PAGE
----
LeBron James ‘shocked’ by David Griffin’s comments about being ‘miserable’ with Cavaliers, report says

first_imgGriffin told Sports Illustrated he knew he was going to leave the Cavaliers after they won the championship in 2016. He parted ways with the team about one year later. “Everything we did was so inorganic and unsustainable and, frankly, not fun. I was miserable,” Griffin said. “Literally the moment we won the championship I knew I was going to leave. There was no way I was going to stay for any amount of money.” Related News David Griffin admits he was ‘miserable’ as Cavaliers GM James appeared to respond to Griffin on Twitter shortly after Sports Illustrated’s story was published.Alright alright. Enough is enough. The throne has been played with to much and I ain’t for horseplay. Ether coming soon! 😁🔥🔥🔥🔥🔥🔥🔥🔥🔥👑 #JamesGang✊🏾— LeBron James (@KingJames) August 1, 2019James eventually left the Cavaliers and inked a four-year, $153.3 million deal with the Lakers in July 2018. He averaged 27.4 points, 8.5 rebounds and 8.3 assists during his first season with Los Angeles, but a groin injury limited him to 55 games. LeBron James was surprised by David Griffin’s comments.Griffin told Sports Illustrated he was “miserable” during his time as the Cavaliers general manager, which “shocked” James, according to a report from ESPN, which cites unidentified sources close to the star. James was playing with Cleveland while Griffin was in the front office. Zion Williamson says he wants to stay with Pelicans for entire career Griffin, meanwhile, was hired as the Pelicans’ executive vice president of basketball operations in April. He helped rebuild New Orleans’ roster by sending star Anthony Davis to the Lakers in exchange for Josh Hart, Lonzo Ball, Brandon Ingram and three first-round picks.The Pelicans also signed Derrick Favors and JJ Redick this offseason and selected former Duke star Zion Williamson with the No. 1 pick in the 2019 draft. Lakers’ Anthony Davis says not winning a title would be one of his ‘biggest failures’last_img read more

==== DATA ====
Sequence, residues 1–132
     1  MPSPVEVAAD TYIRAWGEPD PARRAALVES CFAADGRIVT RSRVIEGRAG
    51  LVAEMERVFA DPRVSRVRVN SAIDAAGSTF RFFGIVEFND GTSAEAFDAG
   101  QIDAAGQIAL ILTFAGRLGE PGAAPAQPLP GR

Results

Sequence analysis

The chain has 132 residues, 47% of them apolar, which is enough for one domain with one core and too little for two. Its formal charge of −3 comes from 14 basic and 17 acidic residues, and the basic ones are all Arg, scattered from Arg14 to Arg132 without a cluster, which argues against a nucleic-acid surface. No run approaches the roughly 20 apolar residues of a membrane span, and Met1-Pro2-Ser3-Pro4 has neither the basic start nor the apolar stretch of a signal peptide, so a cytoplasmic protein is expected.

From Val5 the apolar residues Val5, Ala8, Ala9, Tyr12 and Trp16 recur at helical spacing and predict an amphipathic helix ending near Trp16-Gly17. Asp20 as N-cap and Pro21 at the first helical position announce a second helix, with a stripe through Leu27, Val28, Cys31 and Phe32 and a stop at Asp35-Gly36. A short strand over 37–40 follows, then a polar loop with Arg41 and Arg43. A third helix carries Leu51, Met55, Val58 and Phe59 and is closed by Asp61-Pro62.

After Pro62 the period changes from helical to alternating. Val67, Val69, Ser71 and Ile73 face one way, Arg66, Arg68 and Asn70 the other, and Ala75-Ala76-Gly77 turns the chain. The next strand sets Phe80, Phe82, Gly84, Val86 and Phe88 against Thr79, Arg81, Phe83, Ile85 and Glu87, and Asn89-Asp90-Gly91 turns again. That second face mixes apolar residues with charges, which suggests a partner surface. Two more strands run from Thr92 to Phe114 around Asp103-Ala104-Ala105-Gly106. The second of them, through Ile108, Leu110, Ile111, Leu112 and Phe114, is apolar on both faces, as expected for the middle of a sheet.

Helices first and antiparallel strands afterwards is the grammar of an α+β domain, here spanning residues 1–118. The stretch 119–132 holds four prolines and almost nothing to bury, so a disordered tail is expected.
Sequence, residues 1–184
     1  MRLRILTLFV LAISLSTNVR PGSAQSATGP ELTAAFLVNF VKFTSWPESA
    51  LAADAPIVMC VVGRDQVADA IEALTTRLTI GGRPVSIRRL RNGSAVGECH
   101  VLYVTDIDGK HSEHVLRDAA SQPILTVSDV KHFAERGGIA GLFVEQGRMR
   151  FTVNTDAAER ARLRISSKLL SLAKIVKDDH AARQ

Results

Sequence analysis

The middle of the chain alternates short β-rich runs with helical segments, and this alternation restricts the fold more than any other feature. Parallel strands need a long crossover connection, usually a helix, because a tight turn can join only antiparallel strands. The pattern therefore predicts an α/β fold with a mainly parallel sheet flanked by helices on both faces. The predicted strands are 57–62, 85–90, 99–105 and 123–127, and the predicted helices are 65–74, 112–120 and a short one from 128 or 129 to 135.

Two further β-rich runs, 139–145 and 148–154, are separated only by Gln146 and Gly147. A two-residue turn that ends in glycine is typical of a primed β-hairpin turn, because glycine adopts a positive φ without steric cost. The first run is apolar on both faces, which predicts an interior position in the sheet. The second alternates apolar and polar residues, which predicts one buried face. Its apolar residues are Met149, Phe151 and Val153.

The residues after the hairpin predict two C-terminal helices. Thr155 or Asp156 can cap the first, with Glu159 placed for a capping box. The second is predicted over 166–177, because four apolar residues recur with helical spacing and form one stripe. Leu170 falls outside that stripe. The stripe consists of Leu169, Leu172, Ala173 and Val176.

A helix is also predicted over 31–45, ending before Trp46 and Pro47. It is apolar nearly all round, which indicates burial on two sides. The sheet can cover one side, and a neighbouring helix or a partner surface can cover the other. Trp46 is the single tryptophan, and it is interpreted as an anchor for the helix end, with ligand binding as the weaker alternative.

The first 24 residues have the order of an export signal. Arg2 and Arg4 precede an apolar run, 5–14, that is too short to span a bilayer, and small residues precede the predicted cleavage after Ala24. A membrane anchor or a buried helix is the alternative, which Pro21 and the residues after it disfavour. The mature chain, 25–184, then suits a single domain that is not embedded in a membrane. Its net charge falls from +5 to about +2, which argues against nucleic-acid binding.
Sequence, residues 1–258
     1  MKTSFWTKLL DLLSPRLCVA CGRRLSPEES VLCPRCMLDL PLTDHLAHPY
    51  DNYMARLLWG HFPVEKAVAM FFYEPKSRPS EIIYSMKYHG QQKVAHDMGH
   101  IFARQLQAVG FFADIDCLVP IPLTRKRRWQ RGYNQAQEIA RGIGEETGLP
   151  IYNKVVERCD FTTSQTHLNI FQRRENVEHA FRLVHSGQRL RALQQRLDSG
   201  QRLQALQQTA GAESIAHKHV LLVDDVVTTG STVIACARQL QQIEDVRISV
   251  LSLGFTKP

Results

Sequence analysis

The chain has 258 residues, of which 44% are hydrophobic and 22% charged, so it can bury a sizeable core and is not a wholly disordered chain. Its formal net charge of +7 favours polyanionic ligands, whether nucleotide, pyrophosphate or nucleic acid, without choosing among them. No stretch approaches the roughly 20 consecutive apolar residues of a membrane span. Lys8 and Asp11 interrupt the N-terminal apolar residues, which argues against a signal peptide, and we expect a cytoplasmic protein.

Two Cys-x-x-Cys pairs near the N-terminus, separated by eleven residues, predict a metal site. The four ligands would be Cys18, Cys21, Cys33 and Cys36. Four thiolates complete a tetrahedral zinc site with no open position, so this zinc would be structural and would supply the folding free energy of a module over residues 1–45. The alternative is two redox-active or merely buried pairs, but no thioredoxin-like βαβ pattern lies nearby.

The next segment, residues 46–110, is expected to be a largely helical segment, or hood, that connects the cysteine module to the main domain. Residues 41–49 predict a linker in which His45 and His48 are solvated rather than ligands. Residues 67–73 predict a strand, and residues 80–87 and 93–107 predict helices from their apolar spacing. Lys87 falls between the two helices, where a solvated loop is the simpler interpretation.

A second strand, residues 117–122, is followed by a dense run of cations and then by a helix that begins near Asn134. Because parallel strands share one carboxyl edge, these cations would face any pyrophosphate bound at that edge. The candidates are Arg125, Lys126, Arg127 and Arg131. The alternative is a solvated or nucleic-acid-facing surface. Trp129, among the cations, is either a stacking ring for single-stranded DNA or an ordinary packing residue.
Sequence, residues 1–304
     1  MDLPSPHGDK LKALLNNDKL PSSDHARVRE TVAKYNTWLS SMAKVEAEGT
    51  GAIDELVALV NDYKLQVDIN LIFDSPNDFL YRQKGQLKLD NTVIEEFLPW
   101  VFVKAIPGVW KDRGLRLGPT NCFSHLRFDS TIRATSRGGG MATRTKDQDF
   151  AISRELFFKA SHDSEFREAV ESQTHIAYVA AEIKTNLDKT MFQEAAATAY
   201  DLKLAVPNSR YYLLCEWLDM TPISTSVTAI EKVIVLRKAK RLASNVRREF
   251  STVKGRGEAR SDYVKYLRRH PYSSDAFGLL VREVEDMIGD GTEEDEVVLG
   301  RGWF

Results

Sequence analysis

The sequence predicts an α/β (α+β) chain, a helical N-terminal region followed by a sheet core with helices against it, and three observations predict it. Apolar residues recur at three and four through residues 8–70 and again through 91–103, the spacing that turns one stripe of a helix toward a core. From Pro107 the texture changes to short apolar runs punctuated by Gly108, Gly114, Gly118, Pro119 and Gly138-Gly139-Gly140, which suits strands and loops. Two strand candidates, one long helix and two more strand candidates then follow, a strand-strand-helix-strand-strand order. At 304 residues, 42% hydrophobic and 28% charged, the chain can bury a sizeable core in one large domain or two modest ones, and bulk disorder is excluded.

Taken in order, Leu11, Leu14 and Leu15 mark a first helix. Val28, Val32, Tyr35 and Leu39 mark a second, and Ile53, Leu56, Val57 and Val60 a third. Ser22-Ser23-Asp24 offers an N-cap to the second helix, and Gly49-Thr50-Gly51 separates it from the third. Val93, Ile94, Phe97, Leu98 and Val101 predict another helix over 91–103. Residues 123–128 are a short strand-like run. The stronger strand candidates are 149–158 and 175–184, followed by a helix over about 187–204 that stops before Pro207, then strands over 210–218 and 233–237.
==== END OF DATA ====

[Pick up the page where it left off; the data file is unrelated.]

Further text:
Raised Houses Deterred Storm Damage